Sunday 3 December 2023

48 Hrs. (1982)


Off-List: 48 timer

The second off-List movie of 1982 is “48 Hrs.”. This is one of those movies I would have watched quite a few times back in the eighties, but probably not since, so finding it on the list of eligible 1982 movies, I thought it was time to revisit it. Also, Eddie Murphy had quite a streak in the eighties and those movies are generally worth watching.

Jack Cates (Nick Nolte) is a police inspector in San Francisco who, somewhat coincidentally gets involved in a shootout between escaped convict Albert Gantz (James Remar) and Billy Bear (Sonny Landham) and two of Cates’ colleagues. Both policemen are killed and now Cates wants to hunt them down. To help him Cates seek out Ganz former partner Reggie Hammond (Eddie Murphy) who has six months left of a three-year sentence. Turns out Hammond is more than willing to get Ganz busted.

Cates and Hammond are a very unlikely duo. There is very little sympathy between them and absolutely no trust. A fist fight and a number of near misses with Bear and Ganz change that to a grudging respect as they both prove very resourceful.

“48 Hrs.” is considered the founder of the buddy-cop genre, a genre that became immensely successful throughout the eighties and nineties. At least quantitatively if not qualitatively. It created a format that has been copied and imitated ad infinitum. You would have a white and a black guy, a wild one and a lawful one, a screaming police chief (preferably black) and a case that is about to explode and probably does. If the policemen do not lose the badge it is a close call. The duo will intensely dislike each other, but through the dangers of the case they will learn to trust and respect each other. Did I forget anything? Oh, there will always be some girl/wife/daughter trouble, something about job vs. paying attention to the home front.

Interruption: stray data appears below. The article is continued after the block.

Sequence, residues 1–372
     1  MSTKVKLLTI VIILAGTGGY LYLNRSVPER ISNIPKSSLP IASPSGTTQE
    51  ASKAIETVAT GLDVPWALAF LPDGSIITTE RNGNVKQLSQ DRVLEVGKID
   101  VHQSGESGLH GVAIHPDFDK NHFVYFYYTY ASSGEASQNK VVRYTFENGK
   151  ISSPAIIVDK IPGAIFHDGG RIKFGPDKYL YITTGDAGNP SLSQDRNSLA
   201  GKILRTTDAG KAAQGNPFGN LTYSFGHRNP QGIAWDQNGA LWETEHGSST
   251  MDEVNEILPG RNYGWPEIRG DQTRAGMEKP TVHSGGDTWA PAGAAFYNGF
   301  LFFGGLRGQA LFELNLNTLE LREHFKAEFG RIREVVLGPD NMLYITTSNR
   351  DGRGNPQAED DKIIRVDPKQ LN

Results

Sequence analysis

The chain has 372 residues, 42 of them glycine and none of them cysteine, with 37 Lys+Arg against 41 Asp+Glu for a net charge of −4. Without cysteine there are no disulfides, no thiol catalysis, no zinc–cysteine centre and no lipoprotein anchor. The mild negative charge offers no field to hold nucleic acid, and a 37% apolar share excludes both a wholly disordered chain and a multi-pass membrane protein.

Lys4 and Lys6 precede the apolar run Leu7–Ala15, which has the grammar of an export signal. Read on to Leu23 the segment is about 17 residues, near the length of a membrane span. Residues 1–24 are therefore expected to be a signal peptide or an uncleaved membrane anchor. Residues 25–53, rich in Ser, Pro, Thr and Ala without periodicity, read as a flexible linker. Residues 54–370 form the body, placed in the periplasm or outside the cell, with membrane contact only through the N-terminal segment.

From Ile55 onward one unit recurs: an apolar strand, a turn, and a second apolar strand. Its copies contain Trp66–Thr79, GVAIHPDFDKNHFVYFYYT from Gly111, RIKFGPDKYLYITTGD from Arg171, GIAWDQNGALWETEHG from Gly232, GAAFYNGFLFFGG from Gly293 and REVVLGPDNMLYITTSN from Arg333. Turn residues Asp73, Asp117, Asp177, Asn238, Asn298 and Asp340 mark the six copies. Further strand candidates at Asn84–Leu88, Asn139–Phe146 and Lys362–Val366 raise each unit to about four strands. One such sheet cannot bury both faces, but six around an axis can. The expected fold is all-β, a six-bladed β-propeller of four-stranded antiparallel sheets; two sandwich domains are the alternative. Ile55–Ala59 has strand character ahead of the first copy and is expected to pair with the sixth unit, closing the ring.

We all know these clichés and they all come from this movie. “48 Hrs.” did not invent the police movie and some of those tropes were established at the time it was released, but the format was definitely set by this movie. That means, watching it now, forty years later, it feels dated and predictable, almost comically so, and it is easy to forget that “48 Hrs.” is not a recipe movie, but the movie that made the recipe. For this reason, I did not enjoy it as much as I remember, which is, honestly, unfair of me.

Nolte is almost comically gruff and tough. A bit of an alcohol problem and fighting with everybody including wife, boss and colleagues and driving around is a car that is both too big and too trashed. Murphy is, well, Murphy. He is not pulling out all his guns as he would later in “Beverly Hills Cop” but there is enough of his roguishness to make him both sleek and amusing. His introduction, singing Police’ “Roxanne” in prison sets a high bar which he cannot quite reach for the rest of the movie, with the possible exception of him busting a country and western bar.

As we have come to expect from Buddy-cop cop movies, there is a lot of action. Shootouts, car chases, hostage scenarios and really badass villains. “48 Hrs.” is fine of all these accounts and would still be if we had not become accustomed to even wilder fare. One can argue there is a special charm here, but Nolte is not my favorite actor, and his performance is just a tad too hammy to win me over.

Still, “48 Hrs.” must get credit for being first and considering how may tropes it fathered I find it rather surprising it is not on the List. For this reason (some may argue only for this reason) it is a must-see movie.    


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